Delivery of desperately needed aid was delayed from entering the isolated camp
Syria's Rukban camp on verge of humanitarian catastrophe
Syrian civilians isolated in a desert camp near the Jordanian border are at risk of starvation and death after a UN envoy carrying much needed aid deliveries was postponed, in what is fast becoming the civil war's latest humanitarian catastrophe.
Al Rukban camp is home to some 50,000 residents who are trapped inside after Jordan closed its border with Syria following an attack on its soldiers by ISIS in 2016. Desperately needed aid deliveries have repeatedly failed or been postponed, including a UN convoy that was supposed to enter last Thursday but has now been indefinitely delayed.
"We were informed by the UN that on October 25 an aid convoy will arrive to the camp, but on that morning we received a letter from the UN that informed us that the delivery was postponed until October 29, but we still have not received any new supplies," Khalid Al Ali, a resident inside the camp told The National.
The camp is home to some 65,000 people and many of them are women and children who are camped outside in the open desert.
"There are no words to describe the tragic situation inside the camp, it is deteriorating minute by minute, especially after the storm that has hit us," Mr Al Ali said, adding that medical and food supplies are running low.
Amman has refused to allow supplies to cross its border, saying the camp is Syria’s responsibility. But Syria-based aid agencies have been unable to deliver supplies due to security clearances from armed groups and from the Damascus government.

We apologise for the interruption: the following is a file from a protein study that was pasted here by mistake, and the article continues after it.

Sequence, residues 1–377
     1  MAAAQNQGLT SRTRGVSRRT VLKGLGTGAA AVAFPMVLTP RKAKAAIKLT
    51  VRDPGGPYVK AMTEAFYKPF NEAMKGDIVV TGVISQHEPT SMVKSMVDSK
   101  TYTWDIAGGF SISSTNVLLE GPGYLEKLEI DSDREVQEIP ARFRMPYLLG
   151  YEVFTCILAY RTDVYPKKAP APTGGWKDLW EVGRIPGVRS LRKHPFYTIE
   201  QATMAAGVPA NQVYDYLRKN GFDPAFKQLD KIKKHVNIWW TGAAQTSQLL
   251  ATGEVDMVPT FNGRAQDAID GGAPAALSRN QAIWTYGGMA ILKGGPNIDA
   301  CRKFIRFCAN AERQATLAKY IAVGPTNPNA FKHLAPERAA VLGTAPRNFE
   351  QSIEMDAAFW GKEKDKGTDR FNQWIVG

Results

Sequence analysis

Jordanian Foreign Minister Aymen Safadi said the road to Al Rukban camp is now accessible from the Syrian territories and that aid could reach it from inside Syria.
"Meeting the needs of the camp's community is a responsibility shared by the UN and Syria," Mr Safadi said.
The camp lies within a 55 kilometre so-called de-confliction zone set up by the Pentagon with the aim of blocking Iranian supply routes to the region and preventing pro-regime forces from operating there.
The United Nations Emergency Relief Coordinator, Mark Lowcock, told a Security Council meeting on Monday that civilians at Al Rukban have not received any assistance since January this year, and they are increasingly desperate.
But even if the convoy had been able to deliver the shipment, civilians in the isolated camp would largely continue to remain cut off from aid, commercial shipments of food, and medical care, in an area where officials and health workers say hunger, disease, and are on the rise.
The UN Resident and Humanitarian Coordinator in Syria, Ali Al Zatari said that “the decision to postpone the Al Rukban humanitarian convoy, which was planned for October 2018, is based on available information of real security threat against the convoy.”
"We are determined to bring humanitarian assistance to civilians in Rukban camp, and discussions are ongoing to identify means to deliver the humanitarian assistance, while ensuring the safety of the humanitarian workers," Mr Al Zatari said.